Magazine article American Scientist


Magazine article American Scientist


Article excerpt

Mosquito Vectors of Zika

To the Editors:

I enjoyed Robert Dorit's timely and thoughtful reflections in "Zika Goes Viral" (Perspective, September-October), which provide valuable context to this and other public health threats facilitated by globalization. I write to correct and expand upon information regarding the habits of the mosquito species involved in transmission of this virus.

When discussing the two invasive mosquito species in the United States that are capable of Zika transmission, Dorit says that the mosquito Aedes aegypti is "primarily diurnal, feeds outdoors, and ventures far from its birthplace," while Aedes albopictus "feeds indoors, primarily in the mornings or evenings." Contrary to this assertion about habitat preferences, A. aegypti is typically more urban and likely to bite indoors, whereas A. albopictus prefers more rural and vegetated habitats, especially in regions where the species co-occur. In the Americas, A. aegypti is more prone to feed from humans, but elsewhere in their extensive ranges A. albopictus may be the more anthropophilic species.

Where the distributions of the two species overlap, displacement of one species for the other has been documented, usually favoring A. albopictus. Although some commentators speculated that competitive displacements of A. aegypti by A. albopictus might be good for public health, replacing one disease vector species with another is not likely to be a reliable control strategy.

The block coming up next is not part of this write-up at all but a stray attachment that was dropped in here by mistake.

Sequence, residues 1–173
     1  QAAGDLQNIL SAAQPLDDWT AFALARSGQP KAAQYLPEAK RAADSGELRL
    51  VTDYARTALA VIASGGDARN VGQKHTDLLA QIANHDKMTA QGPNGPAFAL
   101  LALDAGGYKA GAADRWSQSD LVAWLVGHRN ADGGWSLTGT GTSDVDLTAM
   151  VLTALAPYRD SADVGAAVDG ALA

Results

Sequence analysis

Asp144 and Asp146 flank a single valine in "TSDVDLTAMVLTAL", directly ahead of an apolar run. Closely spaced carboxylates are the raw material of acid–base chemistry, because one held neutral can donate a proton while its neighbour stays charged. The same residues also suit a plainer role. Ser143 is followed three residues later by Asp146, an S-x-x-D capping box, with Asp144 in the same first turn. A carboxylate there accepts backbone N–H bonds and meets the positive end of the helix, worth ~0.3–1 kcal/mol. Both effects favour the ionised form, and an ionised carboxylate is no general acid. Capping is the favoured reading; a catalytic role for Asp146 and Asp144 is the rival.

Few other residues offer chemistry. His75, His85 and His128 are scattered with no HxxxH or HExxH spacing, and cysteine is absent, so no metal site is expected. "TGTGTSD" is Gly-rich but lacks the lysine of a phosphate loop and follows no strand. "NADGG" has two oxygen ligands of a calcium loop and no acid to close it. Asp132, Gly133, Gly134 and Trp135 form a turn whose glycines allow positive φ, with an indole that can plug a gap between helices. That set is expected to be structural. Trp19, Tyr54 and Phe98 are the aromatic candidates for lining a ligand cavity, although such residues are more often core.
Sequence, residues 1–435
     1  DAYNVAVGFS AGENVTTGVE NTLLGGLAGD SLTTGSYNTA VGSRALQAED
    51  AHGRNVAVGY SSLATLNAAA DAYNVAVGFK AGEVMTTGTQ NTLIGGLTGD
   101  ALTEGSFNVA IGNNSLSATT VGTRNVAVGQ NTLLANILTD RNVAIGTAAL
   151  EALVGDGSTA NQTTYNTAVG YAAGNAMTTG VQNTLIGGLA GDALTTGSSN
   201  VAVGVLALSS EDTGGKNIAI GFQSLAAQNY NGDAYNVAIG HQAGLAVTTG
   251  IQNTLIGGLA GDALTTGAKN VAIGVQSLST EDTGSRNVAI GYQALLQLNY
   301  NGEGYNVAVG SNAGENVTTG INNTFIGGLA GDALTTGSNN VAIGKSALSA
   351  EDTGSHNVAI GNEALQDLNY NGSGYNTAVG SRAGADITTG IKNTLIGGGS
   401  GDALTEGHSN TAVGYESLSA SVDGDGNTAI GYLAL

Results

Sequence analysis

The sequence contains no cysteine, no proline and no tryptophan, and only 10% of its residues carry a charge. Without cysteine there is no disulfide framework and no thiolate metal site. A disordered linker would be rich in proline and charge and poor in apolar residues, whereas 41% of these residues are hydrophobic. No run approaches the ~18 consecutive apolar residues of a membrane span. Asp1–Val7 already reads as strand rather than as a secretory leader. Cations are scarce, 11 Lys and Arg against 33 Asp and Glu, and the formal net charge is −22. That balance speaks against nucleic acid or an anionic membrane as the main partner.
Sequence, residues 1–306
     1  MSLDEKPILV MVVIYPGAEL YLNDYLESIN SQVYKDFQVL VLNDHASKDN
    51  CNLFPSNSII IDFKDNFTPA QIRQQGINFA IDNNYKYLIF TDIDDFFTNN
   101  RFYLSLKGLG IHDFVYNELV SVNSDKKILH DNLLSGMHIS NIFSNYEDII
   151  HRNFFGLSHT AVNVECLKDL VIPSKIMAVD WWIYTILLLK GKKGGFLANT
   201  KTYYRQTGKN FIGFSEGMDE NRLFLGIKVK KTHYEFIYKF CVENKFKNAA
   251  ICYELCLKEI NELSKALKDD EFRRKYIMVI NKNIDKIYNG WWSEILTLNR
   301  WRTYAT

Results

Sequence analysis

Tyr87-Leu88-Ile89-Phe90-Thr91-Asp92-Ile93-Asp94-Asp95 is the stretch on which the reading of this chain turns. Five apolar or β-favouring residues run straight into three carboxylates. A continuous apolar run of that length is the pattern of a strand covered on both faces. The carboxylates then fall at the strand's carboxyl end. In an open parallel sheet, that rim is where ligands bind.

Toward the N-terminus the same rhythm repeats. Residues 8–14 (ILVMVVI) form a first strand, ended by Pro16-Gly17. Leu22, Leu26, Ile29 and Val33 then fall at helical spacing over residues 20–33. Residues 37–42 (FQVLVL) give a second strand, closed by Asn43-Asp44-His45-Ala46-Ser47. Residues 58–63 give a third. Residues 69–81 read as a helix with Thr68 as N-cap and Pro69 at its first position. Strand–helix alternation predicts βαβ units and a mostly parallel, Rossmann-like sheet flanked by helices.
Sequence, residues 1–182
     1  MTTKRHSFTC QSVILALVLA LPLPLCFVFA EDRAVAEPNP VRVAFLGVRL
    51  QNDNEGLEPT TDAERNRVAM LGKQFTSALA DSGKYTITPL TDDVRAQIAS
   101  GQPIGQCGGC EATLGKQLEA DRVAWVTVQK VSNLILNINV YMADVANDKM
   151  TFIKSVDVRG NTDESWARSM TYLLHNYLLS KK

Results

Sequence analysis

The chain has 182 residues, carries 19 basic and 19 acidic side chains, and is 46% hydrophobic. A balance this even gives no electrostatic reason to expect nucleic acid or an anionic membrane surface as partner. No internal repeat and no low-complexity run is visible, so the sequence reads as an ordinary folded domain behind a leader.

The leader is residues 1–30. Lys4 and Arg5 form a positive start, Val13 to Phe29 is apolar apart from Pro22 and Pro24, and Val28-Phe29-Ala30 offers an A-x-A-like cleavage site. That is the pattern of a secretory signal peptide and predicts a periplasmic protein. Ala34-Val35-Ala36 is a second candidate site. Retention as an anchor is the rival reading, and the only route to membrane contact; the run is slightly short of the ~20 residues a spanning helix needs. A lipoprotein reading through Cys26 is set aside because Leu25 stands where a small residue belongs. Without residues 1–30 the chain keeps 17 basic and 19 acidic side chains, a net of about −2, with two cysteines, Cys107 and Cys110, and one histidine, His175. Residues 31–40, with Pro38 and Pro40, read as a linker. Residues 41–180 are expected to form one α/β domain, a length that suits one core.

Although Dorit alludes to the detection of Zika in Africa in arboreal primate hosts, the column does not connect the natural forest life cycle of this virus between monkeys and arboreal mosquitoes with its invasion of the New World, where establishment of a sylvan life cycle in neotropical forests may lead to an endemic reservoir for reemergence of the disease. Indeed, the related yellow fever virus made this same transition centuries earlier to forests in Central and South America, which remain active sites of endemic yellow fever transmission to humans.

L. Philip Lounibos

Florida Medical Entomology Laboratory

University of Florida

Vero Beach, FL

Dr. Dorit responds:

Dr. Lounibos's letter sheds further light on the intricate biology of the invasive vectors propelling the Zika outbreak in the Americas. As he points out, both the host preferences and the predominant habitats of the two mosquito species vary significantly in the different regions where they are found. Furthermore, the geographic distributions of the vectors and their areas of overlap also alter their feeding ecology. Taken together, the issues raised in this letter underscore the challenges inherent in both predicting and in controlling infectious outbreaks: As I point out in my column, every player in this outbreak-including the vectors-is in motion, adapting and evolving over both ecological and evolutionary timescales. As Dr. Lounibos cautions, the successful establishment in the Americas of the related flavivirus responsible for yellow fever is not a reassuring precedent as we look ahead.

Traffic Lights Near and Far

To the Editors:

I returned from a monthlong trip to Central Asia to find the May-June issue with Henry Petroski's Engineering column "Traffic Signals, Dilemma Zones, and Red-Light Cameras," which I then read with great interest.

The discussion of the yellow light timing reminded me of the different traffic-light configuration I observed in both Ashgabat, Turkmenistan, and Baku, Azerbaijan. There, the yellow light is replaced with a countdown of the time until the light changes from green to red or from red to green, rather like the walk/wait signs for pedestrians in many places. …

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